Many times we have customers approach us and say, “I can get that part you quoted from Amazon at a better price”. We see these responses frequently after our customer’s check Amazon, NewEgg, TigerDirect, etc. for better pricing but often we find this tact leads to a higher overall cost. Here is what you should know about the Grey IT market and off-brand or used IT hardware. (Grey Market, or parallel market, is a market where a product is bought and sold outside of the manufacturer’s authorized trading channels.)
Here’s Why You Might Want to Reconsider that “Amazing Deal”
One of our engineers, while working with a customer, ran into a scenario where the solution was a new Cisco router. The router in question was not cheap! The customer was provided a quote and they were able to locate the exact same Cisco router from a web reseller (like Amazon, NewEgg, TigerDirect, etc.) for a fraction of the price. Seems like a reasonable deal, right? The customer ended up purchasing the equipment and it was indeed the Cisco product that they needed.
After the new gear arrived – our engineer went on-site to install and configure the device. During the configuration, there was a small problem with the firmware that required it to be upgraded to the latest version. Cisco requires that their equipment be registered before they provide the files to perform this upgrade. The customer then contacted Cisco to register the product and download the latest firmware. Yet, Cisco was not able to locate the serial number of the product. When Cisco dug into the details, they noted that the equipment in question was ,”Grey Market”. Therefore, they refused to put the device under a smartnet support plan or register the equipment.
When asked why, Cisco responded stating that the hardware was, “Grey Market”.
What is Grey Market
Naturally, the customer questioned, “What is Grey Market?”. The Cisco customer service representative explained that the gear the customer ordered was destined for the Asia/Pacific market but never made it there. Cisco cited this as the reason they could not register the product. Though Cisco never stated that the product was stolen, we assumed the product must have fallen off a truck somewhere in Asia where it made it’s way to North America, and eventually sold to the customer.
The End Result
The customer ended up having to purchase the originally quoted product at the original quoted price. This device was then installed and configured properly and the issue was resolved though the time to implement and the costs were certainly more than was anticipated.
It is also worth noting that most of these Internet resellers specifically sell consumer based products which vastly differ from commercial based products. As well, these vendors are known for selling used or refurbished equipment which might explain the greatly reduced price. Our experience tells us that purchasing business IT equipment from these providers will lead to increased business costs. Yes – it’s true that you might save a few hundred dollars (and I get it, that’s a good sum of money and does add up) but you will end up losing any cost savings the moment something unexpected happens. It’s like driving 10 miles to a different store because you can save 10 cents but then get into an accident along the way. You may have saved 10 cents but spent $5 in gas getting to the other store and you now have the added aggravation of dealing with the accident.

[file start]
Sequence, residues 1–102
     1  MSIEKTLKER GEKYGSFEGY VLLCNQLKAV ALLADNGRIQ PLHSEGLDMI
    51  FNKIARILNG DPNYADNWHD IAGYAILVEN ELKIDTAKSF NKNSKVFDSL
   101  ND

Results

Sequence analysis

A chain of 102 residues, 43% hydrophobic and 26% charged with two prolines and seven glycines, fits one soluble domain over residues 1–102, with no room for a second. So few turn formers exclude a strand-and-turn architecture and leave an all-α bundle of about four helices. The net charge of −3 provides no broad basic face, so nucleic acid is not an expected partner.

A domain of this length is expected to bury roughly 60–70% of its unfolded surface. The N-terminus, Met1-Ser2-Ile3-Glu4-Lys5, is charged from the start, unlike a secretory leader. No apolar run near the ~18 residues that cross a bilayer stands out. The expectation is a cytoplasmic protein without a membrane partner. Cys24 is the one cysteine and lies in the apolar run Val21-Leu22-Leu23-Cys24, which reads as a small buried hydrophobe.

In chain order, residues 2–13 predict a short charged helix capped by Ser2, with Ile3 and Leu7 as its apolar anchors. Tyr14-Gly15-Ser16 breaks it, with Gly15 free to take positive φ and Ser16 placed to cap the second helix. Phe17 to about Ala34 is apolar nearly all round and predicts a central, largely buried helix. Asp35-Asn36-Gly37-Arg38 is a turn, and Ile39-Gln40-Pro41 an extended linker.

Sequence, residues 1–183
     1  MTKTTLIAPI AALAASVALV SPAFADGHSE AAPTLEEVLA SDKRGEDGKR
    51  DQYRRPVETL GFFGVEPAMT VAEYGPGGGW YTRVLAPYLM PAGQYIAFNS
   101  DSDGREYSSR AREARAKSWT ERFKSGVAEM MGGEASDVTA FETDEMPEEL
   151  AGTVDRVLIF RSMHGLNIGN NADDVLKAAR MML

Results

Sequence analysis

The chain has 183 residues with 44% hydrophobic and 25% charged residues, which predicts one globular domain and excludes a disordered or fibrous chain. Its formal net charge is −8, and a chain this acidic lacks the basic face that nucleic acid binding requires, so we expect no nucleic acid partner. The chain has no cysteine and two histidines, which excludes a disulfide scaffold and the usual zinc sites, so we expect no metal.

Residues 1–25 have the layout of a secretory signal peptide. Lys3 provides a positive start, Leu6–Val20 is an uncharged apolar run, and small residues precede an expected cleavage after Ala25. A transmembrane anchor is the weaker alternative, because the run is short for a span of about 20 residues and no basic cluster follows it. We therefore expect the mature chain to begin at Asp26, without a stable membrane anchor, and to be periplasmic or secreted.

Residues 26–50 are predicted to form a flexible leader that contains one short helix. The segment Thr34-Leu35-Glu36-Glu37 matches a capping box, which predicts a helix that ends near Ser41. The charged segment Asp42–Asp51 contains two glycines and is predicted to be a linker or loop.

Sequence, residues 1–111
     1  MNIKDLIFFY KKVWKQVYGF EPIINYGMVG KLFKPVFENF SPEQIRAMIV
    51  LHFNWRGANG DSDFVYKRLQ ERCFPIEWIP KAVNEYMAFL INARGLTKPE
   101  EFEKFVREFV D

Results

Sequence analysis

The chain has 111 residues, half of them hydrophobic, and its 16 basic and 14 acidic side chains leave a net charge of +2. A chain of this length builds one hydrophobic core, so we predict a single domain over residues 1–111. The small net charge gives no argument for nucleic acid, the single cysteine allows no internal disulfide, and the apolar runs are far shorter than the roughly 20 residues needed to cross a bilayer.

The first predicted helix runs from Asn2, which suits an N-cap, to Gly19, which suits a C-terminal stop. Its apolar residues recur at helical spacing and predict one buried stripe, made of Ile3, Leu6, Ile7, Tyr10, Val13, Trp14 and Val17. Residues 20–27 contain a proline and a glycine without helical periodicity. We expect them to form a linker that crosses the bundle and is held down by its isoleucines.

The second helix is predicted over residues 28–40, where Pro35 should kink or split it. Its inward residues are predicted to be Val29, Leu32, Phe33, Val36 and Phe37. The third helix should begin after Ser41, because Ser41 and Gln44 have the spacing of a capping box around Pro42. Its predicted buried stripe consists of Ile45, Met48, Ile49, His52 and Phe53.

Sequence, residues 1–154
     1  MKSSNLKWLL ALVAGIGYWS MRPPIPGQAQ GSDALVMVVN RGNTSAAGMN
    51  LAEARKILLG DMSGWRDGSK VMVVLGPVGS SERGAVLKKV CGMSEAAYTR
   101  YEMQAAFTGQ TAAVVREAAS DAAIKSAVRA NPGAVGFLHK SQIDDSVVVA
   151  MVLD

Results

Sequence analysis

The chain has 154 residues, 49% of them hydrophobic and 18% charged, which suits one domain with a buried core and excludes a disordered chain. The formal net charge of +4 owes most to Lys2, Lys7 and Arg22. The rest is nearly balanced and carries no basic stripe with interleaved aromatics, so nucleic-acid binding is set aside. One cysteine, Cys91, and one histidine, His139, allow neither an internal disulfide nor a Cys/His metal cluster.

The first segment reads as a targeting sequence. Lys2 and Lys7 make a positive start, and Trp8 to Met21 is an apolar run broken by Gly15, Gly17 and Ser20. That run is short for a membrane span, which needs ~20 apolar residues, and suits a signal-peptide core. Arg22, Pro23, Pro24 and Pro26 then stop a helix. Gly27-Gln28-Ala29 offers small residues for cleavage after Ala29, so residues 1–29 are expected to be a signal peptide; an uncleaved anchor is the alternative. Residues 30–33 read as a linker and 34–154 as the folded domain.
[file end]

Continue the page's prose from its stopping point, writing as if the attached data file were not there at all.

Off-brand System Components
The last item I want to discuss is buying off-brand internal computer components to save some money. Again – this is pennywise and pound-foolish. Yes, Hewlett Packard and other primary technology vendors can be greater cost than a white-box or off-brand solution. Though it is important to note that these vendors command that higher cost due to the features and capabilities of their systems, which in many cases reduces overall costs and pain in the future. For example, all memory (RAM) is not created equal. If a customer were to choose to purchase a lower cost memory chip and install in an Hewlett- Packard server, this memory may function but it is not the same as the Hewlett-Packard memory. For Example, the machine may boot and it may work but if erratic behavior begins to develop it will be extremely difficult to troubleshoot it. The HP memory, on the other hand, is “smart” and makes diagnosing problems much easier. HP memory has been designed to work with the other components of the system, such as the mainboard for reporting and monitoring. Thus intelligence has been built into the system. The mainboard will actually “monitor” the memory chip and report to the system any errors and even take the memory offline if it determines that this memory chip is failing to perform. This level of detail and reporting allows for quick and decisive troubleshooting. In turn, this translates to a faster repair and lower labor costs to get your system back online.
Further, many people don’t know that the system manufacturer (HPE, Dell, Lenovo, etc.) will not warranty or troubleshoot the equipment in the event of a failure. They would simply first ask that any non-HP parts be removed or replaced. Additionally, if you send in a system that doesn’t have manufacturer approved parts – they will back charge you for the shipping, labor, and any other costs incurred during their attempted repair. This may also cause an increase in other costs such as vendor labor productivity loses, IT vendor costs, the cost of lost revenue, and perhaps even the potential loss of your business reputation due to the incident.
Long story short: It can be very expensive to save 50 bucks…